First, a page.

Music You Don't Know You Like Yet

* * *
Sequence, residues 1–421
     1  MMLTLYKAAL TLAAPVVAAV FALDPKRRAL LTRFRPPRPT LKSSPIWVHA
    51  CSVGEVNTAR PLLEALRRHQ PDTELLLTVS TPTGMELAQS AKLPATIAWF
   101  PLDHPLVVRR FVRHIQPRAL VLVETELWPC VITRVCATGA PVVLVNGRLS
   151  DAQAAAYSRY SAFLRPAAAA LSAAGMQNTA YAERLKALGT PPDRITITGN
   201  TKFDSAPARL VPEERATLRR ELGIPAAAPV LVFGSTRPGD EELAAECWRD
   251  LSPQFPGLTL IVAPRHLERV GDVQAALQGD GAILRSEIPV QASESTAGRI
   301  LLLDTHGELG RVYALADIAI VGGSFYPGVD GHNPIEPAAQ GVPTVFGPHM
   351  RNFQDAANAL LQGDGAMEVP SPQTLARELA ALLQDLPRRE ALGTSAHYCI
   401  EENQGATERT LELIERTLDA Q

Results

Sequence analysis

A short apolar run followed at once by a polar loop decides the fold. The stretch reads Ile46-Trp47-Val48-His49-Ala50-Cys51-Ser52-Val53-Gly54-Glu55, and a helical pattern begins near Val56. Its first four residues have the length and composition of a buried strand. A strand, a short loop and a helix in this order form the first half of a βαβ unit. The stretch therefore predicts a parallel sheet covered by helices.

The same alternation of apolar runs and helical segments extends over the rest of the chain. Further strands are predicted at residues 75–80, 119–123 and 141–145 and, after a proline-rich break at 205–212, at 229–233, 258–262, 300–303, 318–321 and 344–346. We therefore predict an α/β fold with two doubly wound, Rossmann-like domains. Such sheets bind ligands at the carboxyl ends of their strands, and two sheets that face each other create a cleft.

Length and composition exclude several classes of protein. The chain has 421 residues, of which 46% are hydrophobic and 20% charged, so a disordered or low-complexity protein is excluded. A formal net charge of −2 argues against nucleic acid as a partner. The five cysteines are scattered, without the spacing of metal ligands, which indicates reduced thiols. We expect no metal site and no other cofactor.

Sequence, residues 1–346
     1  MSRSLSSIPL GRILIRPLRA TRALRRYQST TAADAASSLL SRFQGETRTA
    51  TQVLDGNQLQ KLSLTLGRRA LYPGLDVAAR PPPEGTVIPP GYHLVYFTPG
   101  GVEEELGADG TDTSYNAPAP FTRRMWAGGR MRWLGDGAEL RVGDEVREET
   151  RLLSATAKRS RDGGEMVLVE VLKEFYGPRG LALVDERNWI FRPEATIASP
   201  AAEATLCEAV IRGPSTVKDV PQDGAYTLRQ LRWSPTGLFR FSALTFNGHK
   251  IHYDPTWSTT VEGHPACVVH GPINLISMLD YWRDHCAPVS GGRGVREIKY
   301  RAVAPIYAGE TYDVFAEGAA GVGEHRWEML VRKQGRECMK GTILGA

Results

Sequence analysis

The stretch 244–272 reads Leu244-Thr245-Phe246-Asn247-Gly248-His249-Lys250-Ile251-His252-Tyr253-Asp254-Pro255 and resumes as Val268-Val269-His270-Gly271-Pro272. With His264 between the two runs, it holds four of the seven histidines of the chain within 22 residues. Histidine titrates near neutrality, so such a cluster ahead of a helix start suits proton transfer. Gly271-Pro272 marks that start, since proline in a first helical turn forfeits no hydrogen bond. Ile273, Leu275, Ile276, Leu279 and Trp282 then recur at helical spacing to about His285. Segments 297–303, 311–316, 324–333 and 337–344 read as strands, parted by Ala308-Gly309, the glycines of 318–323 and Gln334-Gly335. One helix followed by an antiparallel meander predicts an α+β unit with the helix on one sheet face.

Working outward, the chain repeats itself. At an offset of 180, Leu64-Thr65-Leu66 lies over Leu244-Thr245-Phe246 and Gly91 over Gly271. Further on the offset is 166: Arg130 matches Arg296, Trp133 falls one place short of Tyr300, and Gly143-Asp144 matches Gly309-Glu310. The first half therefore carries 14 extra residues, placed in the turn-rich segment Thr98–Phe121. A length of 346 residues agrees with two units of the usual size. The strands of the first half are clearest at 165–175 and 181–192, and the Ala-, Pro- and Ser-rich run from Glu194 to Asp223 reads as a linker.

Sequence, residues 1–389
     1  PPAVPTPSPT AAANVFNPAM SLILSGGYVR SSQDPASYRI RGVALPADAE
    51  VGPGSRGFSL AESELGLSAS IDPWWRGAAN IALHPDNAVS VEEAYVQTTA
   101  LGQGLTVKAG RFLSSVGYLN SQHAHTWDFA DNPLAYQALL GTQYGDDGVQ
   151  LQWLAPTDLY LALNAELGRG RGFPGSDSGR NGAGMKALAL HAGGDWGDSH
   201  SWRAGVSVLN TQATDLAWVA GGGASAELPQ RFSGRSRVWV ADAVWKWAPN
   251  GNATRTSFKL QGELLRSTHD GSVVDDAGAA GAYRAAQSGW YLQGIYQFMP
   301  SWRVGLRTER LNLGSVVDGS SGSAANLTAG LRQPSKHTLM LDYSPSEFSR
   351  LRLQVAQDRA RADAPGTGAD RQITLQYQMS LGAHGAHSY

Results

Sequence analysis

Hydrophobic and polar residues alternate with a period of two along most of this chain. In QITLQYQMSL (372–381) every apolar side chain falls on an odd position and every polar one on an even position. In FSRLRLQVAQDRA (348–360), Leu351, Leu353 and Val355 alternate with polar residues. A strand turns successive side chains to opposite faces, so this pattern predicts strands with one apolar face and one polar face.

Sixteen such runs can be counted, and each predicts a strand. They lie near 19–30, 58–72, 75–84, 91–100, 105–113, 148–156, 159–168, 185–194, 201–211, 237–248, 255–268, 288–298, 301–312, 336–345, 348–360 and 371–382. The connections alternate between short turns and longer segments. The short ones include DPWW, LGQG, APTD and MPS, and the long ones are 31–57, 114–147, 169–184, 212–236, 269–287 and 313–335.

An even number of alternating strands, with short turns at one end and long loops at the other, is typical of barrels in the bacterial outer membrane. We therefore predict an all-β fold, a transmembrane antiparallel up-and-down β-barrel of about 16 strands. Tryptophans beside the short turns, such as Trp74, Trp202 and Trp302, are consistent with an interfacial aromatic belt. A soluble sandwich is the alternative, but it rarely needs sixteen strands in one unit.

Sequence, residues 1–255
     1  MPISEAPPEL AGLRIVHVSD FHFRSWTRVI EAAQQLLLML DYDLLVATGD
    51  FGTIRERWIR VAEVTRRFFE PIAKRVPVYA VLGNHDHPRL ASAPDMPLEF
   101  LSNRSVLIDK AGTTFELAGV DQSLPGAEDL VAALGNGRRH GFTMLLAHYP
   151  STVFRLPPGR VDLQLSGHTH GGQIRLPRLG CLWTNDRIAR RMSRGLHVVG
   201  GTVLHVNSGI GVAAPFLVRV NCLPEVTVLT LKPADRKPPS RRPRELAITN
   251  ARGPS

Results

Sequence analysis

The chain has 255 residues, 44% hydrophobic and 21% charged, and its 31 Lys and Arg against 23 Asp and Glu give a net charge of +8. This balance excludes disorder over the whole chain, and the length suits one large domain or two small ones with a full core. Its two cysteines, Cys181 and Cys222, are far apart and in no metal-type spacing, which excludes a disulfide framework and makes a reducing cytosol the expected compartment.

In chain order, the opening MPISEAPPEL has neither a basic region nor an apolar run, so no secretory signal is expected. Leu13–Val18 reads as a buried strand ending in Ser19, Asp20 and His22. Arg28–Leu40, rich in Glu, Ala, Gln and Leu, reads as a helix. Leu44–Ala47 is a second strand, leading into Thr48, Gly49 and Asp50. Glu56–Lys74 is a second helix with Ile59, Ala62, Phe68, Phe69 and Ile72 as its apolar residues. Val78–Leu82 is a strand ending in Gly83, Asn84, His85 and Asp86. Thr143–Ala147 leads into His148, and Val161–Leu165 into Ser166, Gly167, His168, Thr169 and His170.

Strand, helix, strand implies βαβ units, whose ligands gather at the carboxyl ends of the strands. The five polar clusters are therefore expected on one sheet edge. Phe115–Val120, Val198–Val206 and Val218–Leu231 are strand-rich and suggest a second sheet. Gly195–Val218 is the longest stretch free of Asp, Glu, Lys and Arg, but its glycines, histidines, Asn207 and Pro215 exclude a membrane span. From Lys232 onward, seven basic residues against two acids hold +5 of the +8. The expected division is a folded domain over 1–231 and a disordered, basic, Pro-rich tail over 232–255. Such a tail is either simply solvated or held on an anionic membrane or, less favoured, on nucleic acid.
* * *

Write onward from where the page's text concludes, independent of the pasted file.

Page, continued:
2011-06-30As a member of the Doors where his keyboards played a pivotal role in hit after hit, it is safe to say that Ray Manzarek has been heard by almost every person who has ever tuned in to rock radio. While not as regular a presence on the radio, slide guitarist Roy Rogers has also been heard by the masses not only backing the likes of John Lee Hooker, Santana, Bonnie Raitt and Steve Miller but as a band leader in his own right. This release pairs the two of them laying down deep grooves behind poets and lyricists such as Michael McClure, Jim Carroll, Michael Ford and Warren Zevon. Instead of trying to fit their diverse talents into a standard blues mold, the two grab liberally from classic rock, jazz and blues rock. Those yearning for a taste of the Doors without hearing "Light My Fire" for the millionth time should head straight to "Game of Skill", "New Dodge City Blues" and "Fives and Ones" which feature the icy cold organ charts that fueled so much of the Doors sound and Manzarek’s gruff vocals which have grown to uncannily resemble Jim Morrison. "As You Leave" is a mysterious sounding instrumental that could easily find its way onto a movie soundtrack with its powerful imagery of both regret and a new beginning. "Kick" is a semi spoken groover that sounds right out of the drug-addled 60’s with McClure’s wild flight of a story about “demons on the razor sucking on the blade” while he is high and trying to ditch the powder. "River of Madness" is a piano driven number that develops a vaguely eastern feel as the song goes on. "Tension" has a pretty standard swamp rock beat until the mid-song bridge when it switches gears for a brief acoustic interlude before jumping back into the swampy stew. "Blues In My Shoes" and "New Dodge City Blues" give Rogers the chance to shine brightest with his slide guitar slithering and snaking around Manzerek’s keyboard work while "Greenhouse Blues" gives him the chance to lead the vocal charge on a tale about life in the burbs where the excitement of uptown is traded for the greenhouse. "Those Hits Just Keep on Comin’" isn’t about tunes on the radio; instead, it’s about hits to the heart from an errant lover. The instrumental closing cut "An Organ, a Guitar and a Chicken Wing" treads the closest to traditional blues with its wailing sax solo and shuffle groove. It would be the perfect end to a hot club set and is the perfect end to this great disc. Smitty
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